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Gender Equality and Women in the Workforce Mini-Series: Blog 2

By Laura Davis | Mon Dec 25 2017
Blogging is not my favorite thing in the world, much less talking about topics to which I feel like I have not dedicated enough time to fully develop a compelling position. So with that as a caveat, I will own it. I do have something to say about my own journey as a female entrepreneur in the male dominated space of private equity. I sit at the intersection of a lot of spaces: private equity, economic development, impact investing, angel investing, Africa, and entrepreneurship. I’ve seen efforts that align with my sense of true north related to female economic empowerment and equality and also efforts I find infuriating, such as well-meaning but poorly branded development efforts that lump female and youth entrepreneurs together, for example. What the hell? As if I, a female, can’t have a world changing, scalable idea. Offense aside, let’s focus on the opportunity side of being a female entrepreneur and maximizing our unique strengths in the private equity space.
United States to Afghanistan to Ethiopia
– I’ve learned so much about the role of women and economic empowerment within the context of these very diverse cultural situations. In the United States, we have a tendency to see the genders as equal and the same. In Afghanistan, it was, unfortunately, clear that the struggle is often a belief that the genders are different and unequal. Some females there encouraged me to flaunt my Western freedoms. But I had a job to do, so I decided to do my best to adopt the cultural norms. Here in Ethiopia, at least among the educated, it feels like the prevailing thought is more aligned with my own belief about gender: We are different and equal. That being said, I am not naïve enough to think that this would be my reality if I was a rural female farmer in Ethiopia. No matter the prevailing cultural norms, my advice is to respect the cultural context and choose your battles wisely.
“You don’t know what she’s going through.”
– Once, as I was lamenting a female entrepreneur falling off our radar (discontinuing responding to emails and calls), someone here in Ethiopia warned that I had “no idea the circumstances that might be on the entrepreneur’s shoulders”, and that I should give her another chance. I think she was right. Here in Ethiopia, and frankly in most parts of the world, certain family obligations fall more completely on the shoulders of wives and daughters, and it is our duty to keep these cultural nuances in mind as we conduct business internationally. I still think about this encounter, and hope this plucky, gutsy young female entrepreneur comes back on my radar. I think she may have what it takes to be a world changer.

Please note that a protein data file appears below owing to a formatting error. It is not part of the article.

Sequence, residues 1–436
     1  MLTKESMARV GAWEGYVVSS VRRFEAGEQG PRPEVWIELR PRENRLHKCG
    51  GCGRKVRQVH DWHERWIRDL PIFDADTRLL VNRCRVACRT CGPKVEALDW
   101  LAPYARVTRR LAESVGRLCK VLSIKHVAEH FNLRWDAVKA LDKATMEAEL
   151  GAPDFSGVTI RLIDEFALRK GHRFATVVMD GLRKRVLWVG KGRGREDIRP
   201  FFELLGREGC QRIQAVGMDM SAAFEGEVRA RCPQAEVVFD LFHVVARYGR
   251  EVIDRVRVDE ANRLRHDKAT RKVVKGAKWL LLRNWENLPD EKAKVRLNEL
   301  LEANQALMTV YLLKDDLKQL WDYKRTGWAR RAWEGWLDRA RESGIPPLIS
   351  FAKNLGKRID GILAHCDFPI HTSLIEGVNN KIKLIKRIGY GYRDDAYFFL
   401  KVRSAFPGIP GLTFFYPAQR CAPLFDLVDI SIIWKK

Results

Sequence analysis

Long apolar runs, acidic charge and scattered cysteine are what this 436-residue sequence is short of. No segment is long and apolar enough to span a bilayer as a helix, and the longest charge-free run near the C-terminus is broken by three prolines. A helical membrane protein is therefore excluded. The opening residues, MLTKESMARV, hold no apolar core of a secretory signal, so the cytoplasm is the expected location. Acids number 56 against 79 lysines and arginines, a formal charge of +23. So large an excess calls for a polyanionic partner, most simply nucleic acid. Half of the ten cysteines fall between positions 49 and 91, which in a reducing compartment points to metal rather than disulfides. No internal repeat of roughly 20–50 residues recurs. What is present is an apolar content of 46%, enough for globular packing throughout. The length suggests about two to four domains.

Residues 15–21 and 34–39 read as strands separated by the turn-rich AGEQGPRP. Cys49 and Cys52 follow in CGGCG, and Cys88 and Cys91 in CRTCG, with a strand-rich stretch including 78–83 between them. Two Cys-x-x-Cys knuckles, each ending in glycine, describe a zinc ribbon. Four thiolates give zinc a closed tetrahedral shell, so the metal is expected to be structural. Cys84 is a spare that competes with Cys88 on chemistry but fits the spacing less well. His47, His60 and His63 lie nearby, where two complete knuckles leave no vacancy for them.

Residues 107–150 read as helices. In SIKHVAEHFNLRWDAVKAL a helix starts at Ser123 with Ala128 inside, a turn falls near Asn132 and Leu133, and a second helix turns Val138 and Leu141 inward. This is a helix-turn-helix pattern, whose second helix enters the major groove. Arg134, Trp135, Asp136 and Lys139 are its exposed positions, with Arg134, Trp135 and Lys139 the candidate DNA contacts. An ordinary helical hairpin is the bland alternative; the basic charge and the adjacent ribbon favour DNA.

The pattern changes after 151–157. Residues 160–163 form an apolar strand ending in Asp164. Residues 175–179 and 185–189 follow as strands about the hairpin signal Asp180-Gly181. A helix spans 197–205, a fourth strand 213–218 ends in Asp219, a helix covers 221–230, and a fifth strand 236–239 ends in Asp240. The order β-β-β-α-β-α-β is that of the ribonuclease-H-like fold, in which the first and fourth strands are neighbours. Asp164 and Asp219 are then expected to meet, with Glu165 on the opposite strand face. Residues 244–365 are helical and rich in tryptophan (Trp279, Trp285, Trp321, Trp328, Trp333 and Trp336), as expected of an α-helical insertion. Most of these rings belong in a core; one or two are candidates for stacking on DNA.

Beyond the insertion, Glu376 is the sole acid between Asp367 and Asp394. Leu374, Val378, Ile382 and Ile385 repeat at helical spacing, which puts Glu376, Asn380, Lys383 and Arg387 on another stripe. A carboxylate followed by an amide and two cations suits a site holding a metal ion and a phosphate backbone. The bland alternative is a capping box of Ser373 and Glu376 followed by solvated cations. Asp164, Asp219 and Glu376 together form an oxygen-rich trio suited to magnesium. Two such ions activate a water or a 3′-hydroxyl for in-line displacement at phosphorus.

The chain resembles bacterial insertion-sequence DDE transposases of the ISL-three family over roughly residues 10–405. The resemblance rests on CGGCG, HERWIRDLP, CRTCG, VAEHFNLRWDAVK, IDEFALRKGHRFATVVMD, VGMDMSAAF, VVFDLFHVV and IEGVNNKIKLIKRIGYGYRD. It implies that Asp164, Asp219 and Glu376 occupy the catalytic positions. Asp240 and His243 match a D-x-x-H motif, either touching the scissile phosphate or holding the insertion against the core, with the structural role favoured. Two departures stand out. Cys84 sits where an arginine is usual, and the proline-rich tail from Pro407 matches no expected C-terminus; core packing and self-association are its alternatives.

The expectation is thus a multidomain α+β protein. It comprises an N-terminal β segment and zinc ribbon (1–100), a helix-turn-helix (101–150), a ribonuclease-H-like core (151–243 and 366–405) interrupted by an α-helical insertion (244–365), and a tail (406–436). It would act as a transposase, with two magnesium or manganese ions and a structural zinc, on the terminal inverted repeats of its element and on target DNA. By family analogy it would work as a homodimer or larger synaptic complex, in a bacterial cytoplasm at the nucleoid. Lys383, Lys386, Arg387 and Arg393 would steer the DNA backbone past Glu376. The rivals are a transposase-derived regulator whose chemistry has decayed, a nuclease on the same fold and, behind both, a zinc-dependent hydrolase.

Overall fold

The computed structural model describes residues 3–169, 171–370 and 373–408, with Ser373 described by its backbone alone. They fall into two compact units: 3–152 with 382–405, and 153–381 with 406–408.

Focus on the advantages
– It’s so easy as humans, no matter our gender, to dwell on our disadvantages. My own experience as a female entrepreneur has proven we provide certain advantages that men in this industry generally struggle with. For example, entrepreneurs initially tend to be more comfortable sharing about their businesses with me than some of my male counterparts. Another is that my “female intuition” is usually spot on when it comes to assessing a person, or situation, or investment opportunity. Us women just have that sixth sense, if you know what I mean. However, some days I can still get discouraged in the unique challenges I face as a woman, but when I can stop myself and persist through the challenges, the outcomes our powerful and rewarding. I plan to continue leveraging my voice for all it is worth. Regardless of gender, that’s what winners do!
In summary, finding a position and supporting efforts that support gender equality and female economic empowerment are great. But in my opinion, we all walk a fine line in developing efforts that bring dignity and enlarging the issues we are trying to overcome. I am not sure we have it quite right yet, but some of our current efforts at RENEW include:
  • Establishing a quarterly Women in Finance Roundtable in Ethiopia! Read about our first. I was so inspired by our guest, Berhane Demissie.
  • We are supporting 1,523 female jobs across our portfolio, which is 73% of the total.
  • Our first cohort of CFO100 consisted of 13 females, good for 54% of the group. We are aiming for similar numbers for our second group beginning in 2018.
  • We encourage our executives to pursue a diverse leadership team. Currently, 50% of our portfolio companies are partly owned by women.
Renew Capital is an Africa-focused impact investment firm that backs innovative companies with high-growth potential. Renew Capital manages investments made on behalf of the Renew Capital Angels, a global network of angel investors, foundations and family offices who seek financial returns and sustainable social impact. For the latest on investing in Africa, subscribe and follow us at our social links below.

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